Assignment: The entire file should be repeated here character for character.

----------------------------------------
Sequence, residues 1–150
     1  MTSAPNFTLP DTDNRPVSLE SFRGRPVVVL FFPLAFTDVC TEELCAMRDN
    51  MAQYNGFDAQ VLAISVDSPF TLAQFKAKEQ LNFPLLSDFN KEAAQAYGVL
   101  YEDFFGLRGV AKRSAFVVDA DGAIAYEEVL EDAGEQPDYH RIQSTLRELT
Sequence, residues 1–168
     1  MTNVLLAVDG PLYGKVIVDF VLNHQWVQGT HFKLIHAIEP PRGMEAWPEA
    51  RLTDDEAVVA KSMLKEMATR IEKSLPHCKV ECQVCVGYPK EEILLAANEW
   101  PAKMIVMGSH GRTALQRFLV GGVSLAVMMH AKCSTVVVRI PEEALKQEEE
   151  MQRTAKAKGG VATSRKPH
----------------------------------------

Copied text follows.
Sequence, residues 1–150
     1  MTSAPNFTLP DTDNRPVSLE SFRGRPVVVL FFPLAFTDVC TEELCAMRDN
    51  MAQYNGFDAQ VLAISVDSPF TLAQFKAKEQ LNFPLLSDFN KEAAQAYGVL
   101  YEDFFGLRGV AKRSAFVVDA DGAIAYEEVL EDAGEQPDYH RIQSTLRELT
Sequence, residues 1–168
     1  MTNVLLAVDG PLYGKVIVDF VLNHQWVQGT HFKLIHAIEP PRGMEAWPEA
    51  RLTDDEAVVA KSMLKEMATR IEKSLPHCKV ECQVCVGYPK EEILLAANEW
   101  PAKMIVMGSH GRTALQRFLV GGVSLAVMMH AKCSTVVVRI PEEALKQEEE
   151  MQRTAKAKGG VATSRKPH